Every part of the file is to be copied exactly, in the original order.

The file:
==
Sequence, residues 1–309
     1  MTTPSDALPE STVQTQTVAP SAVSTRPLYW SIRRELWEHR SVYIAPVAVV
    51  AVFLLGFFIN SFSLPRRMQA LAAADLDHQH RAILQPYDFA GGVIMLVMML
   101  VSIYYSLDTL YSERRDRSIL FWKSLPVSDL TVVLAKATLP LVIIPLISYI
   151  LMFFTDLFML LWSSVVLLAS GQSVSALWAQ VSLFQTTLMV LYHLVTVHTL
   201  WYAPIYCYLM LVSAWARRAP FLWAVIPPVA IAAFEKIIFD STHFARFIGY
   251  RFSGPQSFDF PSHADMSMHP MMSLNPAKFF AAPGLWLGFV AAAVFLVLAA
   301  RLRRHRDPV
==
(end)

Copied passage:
Sequence, residues 1–309
     1  MTTPSDALPE STVQTQTVAP SAVSTRPLYW SIRRELWEHR SVYIAPVAVV
    51  AVFLLGFFIN SFSLPRRMQA LAAADLDHQH RAILQPYDFA GGVIMLVMML
   101  VSIYYSLDTL YSERRDRSIL FWKSLPVSDL TVVLAKATLP LVIIPLISYI
   151  LMFFTDLFML LWSSVVLLAS GQSVSALWAQ VSLFQTTLMV LYHLVTVHTL
   201  WYAPIYCYLM LVSAWARRAP FLWAVIPPVA IAAFEKIIFD STHFARFIGY
   251  RFSGPQSFDF PSHADMSMHP MMSLNPAKFF AAPGLWLGFV AAAVFLVLAA
   301  RLRRHRDPV